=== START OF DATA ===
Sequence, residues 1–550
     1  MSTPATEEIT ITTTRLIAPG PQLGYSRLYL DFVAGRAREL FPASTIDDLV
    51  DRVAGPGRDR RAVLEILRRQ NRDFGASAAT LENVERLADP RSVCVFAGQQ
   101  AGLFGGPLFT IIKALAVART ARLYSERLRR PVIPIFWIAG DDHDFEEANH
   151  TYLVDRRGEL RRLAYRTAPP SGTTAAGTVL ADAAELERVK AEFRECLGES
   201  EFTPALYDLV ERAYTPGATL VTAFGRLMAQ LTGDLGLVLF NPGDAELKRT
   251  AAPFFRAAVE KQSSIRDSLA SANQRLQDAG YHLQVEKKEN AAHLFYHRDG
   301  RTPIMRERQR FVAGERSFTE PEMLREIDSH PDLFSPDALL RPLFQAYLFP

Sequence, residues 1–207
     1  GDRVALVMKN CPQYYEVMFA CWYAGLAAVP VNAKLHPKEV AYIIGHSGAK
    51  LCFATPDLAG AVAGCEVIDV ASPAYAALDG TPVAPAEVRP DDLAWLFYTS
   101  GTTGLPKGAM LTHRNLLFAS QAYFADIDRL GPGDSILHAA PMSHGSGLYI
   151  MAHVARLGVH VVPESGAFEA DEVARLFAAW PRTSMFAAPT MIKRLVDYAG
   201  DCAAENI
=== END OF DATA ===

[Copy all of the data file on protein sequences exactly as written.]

Sequence, residues 1–550
     1  MSTPATEEIT ITTTRLIAPG PQLGYSRLYL DFVAGRAREL FPASTIDDLV
    51  DRVAGPGRDR RAVLEILRRQ NRDFGASAAT LENVERLADP RSVCVFAGQQ
   101  AGLFGGPLFT IIKALAVART ARLYSERLRR PVIPIFWIAG DDHDFEEANH
   151  TYLVDRRGEL RRLAYRTAPP SGTTAAGTVL ADAAELERVK AEFRECLGES
   201  EFTPALYDLV ERAYTPGATL VTAFGRLMAQ LTGDLGLVLF NPGDAELKRT
   251  AAPFFRAAVE KQSSIRDSLA SANQRLQDAG YHLQVEKKEN AAHLFYHRDG
   301  RTPIMRERQR FVAGERSFTE PEMLREIDSH PDLFSPDALL RPLFQAYLFP

Sequence, residues 1–207
     1  GDRVALVMKN CPQYYEVMFA CWYAGLAAVP VNAKLHPKEV AYIIGHSGAK
    51  LCFATPDLAG AVAGCEVIDV ASPAYAALDG TPVAPAEVRP DDLAWLFYTS
   101  GTTGLPKGAM LTHRNLLFAS QAYFADIDRL GPGDSILHAA PMSHGSGLYI
   151  MAHVARLGVH VVPESGAFEA DEVARLFAAW PRTSMFAAPT MIKRLVDYAG
   201  DCAAENI